Yesterday, California Governor Gavin Newsom denied Manson family member Leslie Van Houten's request for parole. This is the third time in three years that the California parole board has recommended Van Houten for parole. Former Governor Jerry Brown said no to the previous requests in 2016 and 2018. Van Houten is serving a sentence of life in prison for participating in the murders of Leno and Rosemary LaBianca in 1969 at Manson's direction. From CNN:
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California Gov. Gavin Newsom said in a parole release review that despite Van Houten's productive time in prison -- she earned a bachelor's and master's degrees and completed "extensive" self-help programming -- the negative factors of her involvement in the murders outweighed the positive factors.
"Ms. Van Houten and the Manson family committed some of the most notorious and brutal killings in California history," Newsom said. "When considered as a whole, I find the evidence shows that she currently poses an unreasonable danger to society if released from prison at this time."
Newson said he understood Van Houten was 19 at the time of the crime and that a psychologist who evaluated her said it was likely "her involvement in the life offense was significantly impacted by characteristics of youth, including impulsivity, the inability to adequately foresee the long-term consequences of her behavior and the inability to manage her emotions that resulted from trauma."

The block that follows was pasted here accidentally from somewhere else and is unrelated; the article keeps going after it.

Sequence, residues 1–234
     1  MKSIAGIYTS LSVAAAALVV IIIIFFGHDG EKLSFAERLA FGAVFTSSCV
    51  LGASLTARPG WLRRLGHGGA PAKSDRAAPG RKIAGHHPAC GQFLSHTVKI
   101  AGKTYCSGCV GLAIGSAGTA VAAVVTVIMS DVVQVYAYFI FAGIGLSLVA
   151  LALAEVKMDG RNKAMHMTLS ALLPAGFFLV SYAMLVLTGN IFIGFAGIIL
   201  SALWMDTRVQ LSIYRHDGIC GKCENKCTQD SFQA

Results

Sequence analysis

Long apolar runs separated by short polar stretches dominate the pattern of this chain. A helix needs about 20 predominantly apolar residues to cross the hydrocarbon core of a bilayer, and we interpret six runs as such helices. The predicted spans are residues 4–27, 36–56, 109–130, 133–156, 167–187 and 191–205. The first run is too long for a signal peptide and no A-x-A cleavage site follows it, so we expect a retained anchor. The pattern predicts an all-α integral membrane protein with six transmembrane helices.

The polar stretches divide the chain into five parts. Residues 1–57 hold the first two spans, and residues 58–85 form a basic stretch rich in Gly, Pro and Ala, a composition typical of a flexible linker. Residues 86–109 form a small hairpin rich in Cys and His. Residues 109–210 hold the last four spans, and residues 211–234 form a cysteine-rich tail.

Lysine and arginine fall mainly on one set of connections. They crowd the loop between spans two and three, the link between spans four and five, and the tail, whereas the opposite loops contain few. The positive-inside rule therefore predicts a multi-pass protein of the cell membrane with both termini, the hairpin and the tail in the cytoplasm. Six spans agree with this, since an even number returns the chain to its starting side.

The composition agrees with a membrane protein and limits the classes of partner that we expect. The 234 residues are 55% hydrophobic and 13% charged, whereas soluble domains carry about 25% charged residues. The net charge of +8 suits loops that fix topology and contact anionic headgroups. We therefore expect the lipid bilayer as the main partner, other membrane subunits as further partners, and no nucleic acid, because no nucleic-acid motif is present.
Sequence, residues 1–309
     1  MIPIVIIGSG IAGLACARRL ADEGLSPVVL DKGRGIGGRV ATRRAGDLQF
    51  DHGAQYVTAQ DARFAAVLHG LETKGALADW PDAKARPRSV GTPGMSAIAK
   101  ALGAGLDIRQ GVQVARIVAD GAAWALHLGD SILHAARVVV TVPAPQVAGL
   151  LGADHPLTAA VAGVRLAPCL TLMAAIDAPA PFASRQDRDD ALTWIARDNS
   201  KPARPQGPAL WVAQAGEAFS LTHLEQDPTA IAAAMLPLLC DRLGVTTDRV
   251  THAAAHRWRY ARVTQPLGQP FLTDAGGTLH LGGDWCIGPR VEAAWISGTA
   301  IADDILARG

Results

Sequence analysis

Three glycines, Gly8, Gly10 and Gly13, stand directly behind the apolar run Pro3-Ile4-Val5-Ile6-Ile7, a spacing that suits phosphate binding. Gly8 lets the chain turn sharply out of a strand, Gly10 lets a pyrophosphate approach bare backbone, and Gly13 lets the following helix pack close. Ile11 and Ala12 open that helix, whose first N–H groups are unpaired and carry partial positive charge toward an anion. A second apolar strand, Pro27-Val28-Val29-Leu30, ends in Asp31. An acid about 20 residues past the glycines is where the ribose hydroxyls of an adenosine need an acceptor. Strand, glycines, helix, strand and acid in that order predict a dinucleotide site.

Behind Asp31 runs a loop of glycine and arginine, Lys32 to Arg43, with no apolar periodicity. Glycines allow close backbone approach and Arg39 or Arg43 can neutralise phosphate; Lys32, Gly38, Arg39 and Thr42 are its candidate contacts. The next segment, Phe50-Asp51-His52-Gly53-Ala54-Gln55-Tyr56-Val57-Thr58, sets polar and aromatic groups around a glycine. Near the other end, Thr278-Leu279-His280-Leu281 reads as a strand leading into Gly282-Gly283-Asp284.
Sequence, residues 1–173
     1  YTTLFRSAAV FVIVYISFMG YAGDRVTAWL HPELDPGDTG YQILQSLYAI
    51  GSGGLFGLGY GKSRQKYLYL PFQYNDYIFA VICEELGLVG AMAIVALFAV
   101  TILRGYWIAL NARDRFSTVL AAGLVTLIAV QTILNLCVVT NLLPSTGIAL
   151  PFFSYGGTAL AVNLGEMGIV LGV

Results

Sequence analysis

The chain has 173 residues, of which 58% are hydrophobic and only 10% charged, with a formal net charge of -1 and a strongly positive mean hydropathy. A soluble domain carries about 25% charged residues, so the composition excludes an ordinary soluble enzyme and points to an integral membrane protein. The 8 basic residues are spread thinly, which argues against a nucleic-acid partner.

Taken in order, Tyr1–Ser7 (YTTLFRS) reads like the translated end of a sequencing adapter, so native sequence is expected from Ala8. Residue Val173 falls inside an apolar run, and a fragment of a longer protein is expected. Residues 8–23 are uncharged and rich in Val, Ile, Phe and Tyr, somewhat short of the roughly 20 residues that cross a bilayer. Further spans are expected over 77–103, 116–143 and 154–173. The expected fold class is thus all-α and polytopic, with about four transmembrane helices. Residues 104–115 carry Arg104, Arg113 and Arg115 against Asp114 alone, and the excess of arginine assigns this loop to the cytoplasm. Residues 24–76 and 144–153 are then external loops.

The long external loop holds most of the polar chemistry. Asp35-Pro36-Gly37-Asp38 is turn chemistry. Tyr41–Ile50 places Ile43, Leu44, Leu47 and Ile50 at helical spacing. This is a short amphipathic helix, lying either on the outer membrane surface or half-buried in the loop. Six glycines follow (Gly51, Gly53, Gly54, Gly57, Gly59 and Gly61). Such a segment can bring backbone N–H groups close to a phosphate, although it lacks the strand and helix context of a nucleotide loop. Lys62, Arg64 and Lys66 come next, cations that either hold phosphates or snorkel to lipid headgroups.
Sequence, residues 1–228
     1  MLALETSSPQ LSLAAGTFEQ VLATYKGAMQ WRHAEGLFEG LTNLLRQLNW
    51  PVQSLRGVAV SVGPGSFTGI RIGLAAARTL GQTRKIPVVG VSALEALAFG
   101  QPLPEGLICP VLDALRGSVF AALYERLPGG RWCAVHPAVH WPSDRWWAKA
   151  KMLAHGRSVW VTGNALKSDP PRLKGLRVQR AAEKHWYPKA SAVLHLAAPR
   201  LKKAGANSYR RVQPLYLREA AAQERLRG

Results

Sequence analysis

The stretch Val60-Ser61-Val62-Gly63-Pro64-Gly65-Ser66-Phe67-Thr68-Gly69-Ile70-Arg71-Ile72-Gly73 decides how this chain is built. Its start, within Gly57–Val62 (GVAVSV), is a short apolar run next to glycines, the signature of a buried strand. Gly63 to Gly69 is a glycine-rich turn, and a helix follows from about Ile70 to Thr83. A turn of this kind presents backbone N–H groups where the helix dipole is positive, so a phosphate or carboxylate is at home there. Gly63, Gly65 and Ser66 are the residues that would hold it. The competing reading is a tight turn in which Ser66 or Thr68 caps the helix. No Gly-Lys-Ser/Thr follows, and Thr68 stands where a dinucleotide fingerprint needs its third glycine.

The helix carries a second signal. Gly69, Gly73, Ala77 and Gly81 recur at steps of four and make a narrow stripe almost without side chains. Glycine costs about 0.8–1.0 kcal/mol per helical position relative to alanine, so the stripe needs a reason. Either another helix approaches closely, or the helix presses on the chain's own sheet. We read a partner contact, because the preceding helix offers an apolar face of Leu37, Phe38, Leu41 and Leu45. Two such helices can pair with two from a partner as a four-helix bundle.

Newson said that "without a deeper understanding of what led her to submit to Mr. Manson and participate in these horrific murders, I cannot be sure that Ms.
Wikileaks founder Julian Assange was sentenced Wednesday to 50 weeks in jail for skipping bail. Assange took refuge in London's Ecuadorean embassy in 2012 to avoid extradition to Sweden over two alleged sexual assaults, but was finally handed to the police earlier this month.
Sentencing him, Judge Deborah Taylor told Assange it was difficult to envisage a more serious example of the offence.
"By hiding in the embassy you deliberately put yourself out of reach, while remaining in the UK," she said.
She said this had "undoubtedly" affected the progress of the Swedish proceedings.
His continued residence at the embassy and bringing him to justice had cost taxpayers £16m, she added.
Assange apologized thus:
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I apologise unreservedly to those who consider that I have disrespected them by the way I have pursued my case.
This is not what I wanted or intended.
I found myself struggling with terrifying circumstances for which neither I nor those from whom I sought advice could work out any remedy.
I did what I thought at the time was the best and perhaps the only thing that could be done - which I hoped might lead to a legal resolution being reached between Ecuador and Sweden that would protect me from the worst of my fears.
I regret the course that this took; the difficulties were instead compounded and impacted upon very many others.
Whilst the difficulties I now face may have become even greater, nevertheless it is right for me to say this now.
This is some artful cop dodgery. The low-key curb sit is a perfect touch.
(r/videos) Read the rest
In Downey, California, southeast of Los Angeles, a gentleman breaking into a car was chased off by a neighborhood watch-coyote. Video evidence above. My favorite part is the thief peeking around the cars to see if the coyote was awaiting his return.
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This video depicts a man walking a presumed-stolen ATM down the street, then trying to haul it onto a bus.
"I'll split it with you," he says to the bus driver. The bus driver closes the doors, thereby declining the offer.
"We coulda made money together!" the man remonstrates as the bus pulls away. Read the rest